Hungary to Close Transit Zones After European Court Ruling
Hungary's government announced that it was closing down the controversial transit zones in Röszke and Tompa. The announcement came after the European Court of Justice, ECJ, ruled that asylum-seekers may not be detained longer than 28 days in transit zones. Some of them have been detained there for 300 or even 400 days.
Gergely Gulyás, from the Prime Minister's Office, said that the government disagreed with the ECJ judgment, and considered it a risk to Europe's security, but "we are obliged to comply with the rulings, and Hungary will do so". He added: "We have decided to abolish the transit zone in a physical sense as well."
In future, asylum-seekers aiming to enter Hungary will have to apply for asylum at Hungarian consulates in non-EU-neighbouring countries. "External border protection is an issue that Hungary cannot, does not want to, and will not concede," Gulyás said.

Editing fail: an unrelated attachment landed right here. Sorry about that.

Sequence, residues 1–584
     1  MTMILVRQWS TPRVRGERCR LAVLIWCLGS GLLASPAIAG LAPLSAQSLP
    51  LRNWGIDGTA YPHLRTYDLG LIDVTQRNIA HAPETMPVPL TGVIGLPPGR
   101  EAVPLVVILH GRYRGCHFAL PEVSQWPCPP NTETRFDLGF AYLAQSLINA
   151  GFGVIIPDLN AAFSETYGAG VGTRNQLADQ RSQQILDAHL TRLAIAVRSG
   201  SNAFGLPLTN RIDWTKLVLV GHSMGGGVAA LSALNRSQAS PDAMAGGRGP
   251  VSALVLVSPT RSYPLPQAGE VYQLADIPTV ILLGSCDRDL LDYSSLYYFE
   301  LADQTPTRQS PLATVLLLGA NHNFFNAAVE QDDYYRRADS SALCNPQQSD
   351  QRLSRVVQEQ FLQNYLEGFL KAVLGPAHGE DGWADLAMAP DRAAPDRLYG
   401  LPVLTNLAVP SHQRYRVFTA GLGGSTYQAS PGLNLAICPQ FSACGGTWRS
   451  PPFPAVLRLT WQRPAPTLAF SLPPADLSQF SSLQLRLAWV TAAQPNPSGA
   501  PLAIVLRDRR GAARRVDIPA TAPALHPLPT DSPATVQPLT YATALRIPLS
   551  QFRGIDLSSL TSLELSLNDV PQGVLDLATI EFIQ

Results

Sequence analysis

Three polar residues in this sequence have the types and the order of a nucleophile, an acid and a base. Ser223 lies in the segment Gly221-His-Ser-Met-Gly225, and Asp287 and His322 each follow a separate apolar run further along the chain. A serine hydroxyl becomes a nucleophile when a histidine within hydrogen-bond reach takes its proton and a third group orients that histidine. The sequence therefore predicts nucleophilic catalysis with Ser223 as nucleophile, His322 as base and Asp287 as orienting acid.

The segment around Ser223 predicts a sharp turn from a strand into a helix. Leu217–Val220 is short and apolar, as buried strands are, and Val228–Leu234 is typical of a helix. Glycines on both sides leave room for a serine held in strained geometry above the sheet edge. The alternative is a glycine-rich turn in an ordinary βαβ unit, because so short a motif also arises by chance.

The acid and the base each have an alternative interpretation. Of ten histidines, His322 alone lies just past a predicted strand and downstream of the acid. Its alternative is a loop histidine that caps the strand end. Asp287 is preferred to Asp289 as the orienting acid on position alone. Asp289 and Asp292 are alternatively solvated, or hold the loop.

The change in the Hungarian government's position may explain Prime Minister Viktor Orbán's rush to visit Serbian President Aleksandar Vucic last Friday. Although Orbán had previously claimed he had no time to travel to Brussels to speak in the European Parliament, because he remained busy fighting the coronavirus in Hungary, he found the time to fly to Belgrade for talks.
Hungary created the transit zones after erecting wire fences on the southern borders with Serbia and Croatia to stop an influx of migrants in 2015. The transit zones were built out of shipping containers and were often criticised by human rights groups as inhumane.